In my view, there is no one right answer for the approach to be used in performing UAT on program / spreadsheet / model - most importantly, the approach that you adopt should allow the required testing to be carried out in a structured manner, and it should not create too much "processes" that doesn't help to improve quality of testing (e.g. filling in too many forms or having too many sign-offs). In case you are struggling in finding a suitable approach for your UAT exercises, perhaps the following proposed method can provide some ideas to you.


STEP 1: Prepare Test Script
To ensure your UAT to carried out in a systematic manner, the first thing you need to do is preparing a test script. A test script consists of (1) test scenario; (2) expected results; (3) actual results (which you will fill in after carrying the required testing). Below is a sample format of a test script for a FoxPro program:


A test script serves as a structured guide to the testers, so that they have a clear idea what areas to be tested and how they should carry out the required testing, in proper order. Without any test script, the testers will only test on what they manage to think of at they are doing the testing (it will be worse if they do the testing after office hour with tired minds), like a kid running helter skelter in the street. Apart from overlooking important areas to be tested, the errors / required modifications reported to the developer will not be in a proper order - which will increase time & efforts to modify the tested tools as well as redo the required testing.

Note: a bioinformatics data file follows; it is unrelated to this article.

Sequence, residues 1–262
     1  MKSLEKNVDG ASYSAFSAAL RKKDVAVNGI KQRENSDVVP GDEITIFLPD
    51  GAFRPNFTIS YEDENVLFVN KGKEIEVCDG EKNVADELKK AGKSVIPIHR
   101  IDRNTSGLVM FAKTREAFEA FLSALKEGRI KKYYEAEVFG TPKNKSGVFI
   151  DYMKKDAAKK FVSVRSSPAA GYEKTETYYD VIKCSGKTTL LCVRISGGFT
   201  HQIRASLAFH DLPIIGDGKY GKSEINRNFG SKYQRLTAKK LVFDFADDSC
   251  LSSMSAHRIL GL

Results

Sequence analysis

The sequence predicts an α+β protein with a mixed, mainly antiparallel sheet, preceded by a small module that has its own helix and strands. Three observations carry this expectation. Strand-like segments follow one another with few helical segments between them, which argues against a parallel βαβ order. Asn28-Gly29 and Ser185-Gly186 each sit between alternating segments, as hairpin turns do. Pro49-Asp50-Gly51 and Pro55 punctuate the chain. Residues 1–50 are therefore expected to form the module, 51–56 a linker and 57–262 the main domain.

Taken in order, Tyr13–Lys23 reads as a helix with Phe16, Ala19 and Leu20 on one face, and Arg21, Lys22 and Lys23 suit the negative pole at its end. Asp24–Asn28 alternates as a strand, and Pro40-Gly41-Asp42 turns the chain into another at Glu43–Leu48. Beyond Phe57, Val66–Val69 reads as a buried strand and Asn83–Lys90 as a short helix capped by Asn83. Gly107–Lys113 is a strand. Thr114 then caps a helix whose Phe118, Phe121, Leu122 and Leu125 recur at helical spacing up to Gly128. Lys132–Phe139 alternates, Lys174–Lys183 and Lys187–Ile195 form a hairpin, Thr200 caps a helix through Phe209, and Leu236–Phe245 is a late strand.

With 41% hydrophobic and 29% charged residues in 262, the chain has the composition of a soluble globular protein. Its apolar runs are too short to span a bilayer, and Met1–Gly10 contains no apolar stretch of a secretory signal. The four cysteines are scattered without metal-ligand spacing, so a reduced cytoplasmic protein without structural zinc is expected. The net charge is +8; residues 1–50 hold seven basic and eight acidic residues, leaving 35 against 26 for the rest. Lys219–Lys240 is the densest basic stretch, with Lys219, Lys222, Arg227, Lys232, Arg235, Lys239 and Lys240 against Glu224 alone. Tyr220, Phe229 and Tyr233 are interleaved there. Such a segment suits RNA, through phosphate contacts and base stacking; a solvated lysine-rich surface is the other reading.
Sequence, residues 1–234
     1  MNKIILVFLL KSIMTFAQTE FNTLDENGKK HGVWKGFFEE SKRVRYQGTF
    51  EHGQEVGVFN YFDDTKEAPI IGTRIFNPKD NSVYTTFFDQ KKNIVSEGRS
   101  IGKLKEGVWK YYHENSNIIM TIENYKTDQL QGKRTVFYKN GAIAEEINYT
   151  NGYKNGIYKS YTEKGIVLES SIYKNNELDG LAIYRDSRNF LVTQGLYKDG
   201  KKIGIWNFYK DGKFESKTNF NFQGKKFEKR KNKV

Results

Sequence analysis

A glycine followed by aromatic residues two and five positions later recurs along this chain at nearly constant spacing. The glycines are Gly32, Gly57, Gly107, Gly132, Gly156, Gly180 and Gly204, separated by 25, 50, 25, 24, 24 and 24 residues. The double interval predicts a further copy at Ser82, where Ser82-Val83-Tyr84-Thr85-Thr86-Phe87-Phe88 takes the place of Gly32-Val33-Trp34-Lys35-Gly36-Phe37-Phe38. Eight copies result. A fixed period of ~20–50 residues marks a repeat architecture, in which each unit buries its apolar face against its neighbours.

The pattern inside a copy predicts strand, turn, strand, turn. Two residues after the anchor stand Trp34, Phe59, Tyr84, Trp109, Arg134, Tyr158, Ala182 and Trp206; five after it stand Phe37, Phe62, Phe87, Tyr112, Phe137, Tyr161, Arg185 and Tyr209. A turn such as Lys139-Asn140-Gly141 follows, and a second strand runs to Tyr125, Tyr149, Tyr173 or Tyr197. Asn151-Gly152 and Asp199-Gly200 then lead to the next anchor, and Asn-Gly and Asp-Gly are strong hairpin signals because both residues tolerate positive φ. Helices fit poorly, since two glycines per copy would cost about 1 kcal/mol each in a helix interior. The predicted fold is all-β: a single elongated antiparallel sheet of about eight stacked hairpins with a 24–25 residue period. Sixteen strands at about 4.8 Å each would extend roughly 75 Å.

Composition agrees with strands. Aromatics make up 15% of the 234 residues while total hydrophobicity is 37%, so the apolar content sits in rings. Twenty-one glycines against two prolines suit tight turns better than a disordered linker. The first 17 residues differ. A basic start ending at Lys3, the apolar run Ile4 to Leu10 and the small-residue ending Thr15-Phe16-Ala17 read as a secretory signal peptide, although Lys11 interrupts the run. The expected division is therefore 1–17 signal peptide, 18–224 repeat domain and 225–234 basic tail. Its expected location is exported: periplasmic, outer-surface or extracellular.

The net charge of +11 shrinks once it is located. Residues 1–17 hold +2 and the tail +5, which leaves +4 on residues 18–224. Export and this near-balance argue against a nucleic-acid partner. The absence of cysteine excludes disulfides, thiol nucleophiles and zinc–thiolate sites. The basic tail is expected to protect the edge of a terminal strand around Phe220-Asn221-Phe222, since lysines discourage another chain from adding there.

STEP 2: Prepare Test Data
Although it is good to use the actual policy data to perform UAT, sometimes the available data are unsuitable for testing, especially at the initial stage where you would like to detect any errors in formulas. Alternatively, you can use a simulated set of data with a specific pattern to do your testing, such as illustrated in the following diagram (a spreadsheet template for loss ratio study):


As shown in the above diagram, you can easily detect the formula error for Plan D, which by right the claim incurred should be 1,300 and the calculated loss ratio should be 10.00%. If you use the actual data directly, you may not be able to detect such formula error and may lead to incorrect conclusion for Plan D.

Of course, before you sign-off the program / spreadsheet / model, it is recommended to do at least one testing using actual data for reasonableness checking.

STEP 3: Perform Testing
Before you start doing testing, you may want to sort the test scenarios in an order that will allow you to carry out testing in a more efficient way. In case you find out some test scenarios left out when preparing the test scripts, you may add the test scenarios into your test script. Same for additional testing you carry out - especially the findings are meaningful.

Similarly, in case you find out any test scenarios are no longer applicable, you may want to cancel the test scenarios. We should be flexible enough in handling various conditions arising during testing.

STEP 4: Observe Outcomes
After completing each testing, you need to update the "Actual Results" column based on the outcomes you observe and decide the testing is "passed" or "failed". If the UAT exercise is complex, you may consider using an issue log in managing errors you report to the developer (IMPORTANT: Developer and Tester should NOT be the same person) or modifications you request the developer to do.

Some Remarks...
The above proposed approach is not new to actuarial people, since it uses the concept of "actual vs. expected" - which we are always doing in "monitoring the results" stage of the actuarial control cycle. However, in term of how comprehensive a test script should be, it is important to note that we should avoid having million dollar solutions to ten dollar problems - we cannot test everything or check everything, if it is a simple program, some simple testing will do (which justifies the time & effort spent).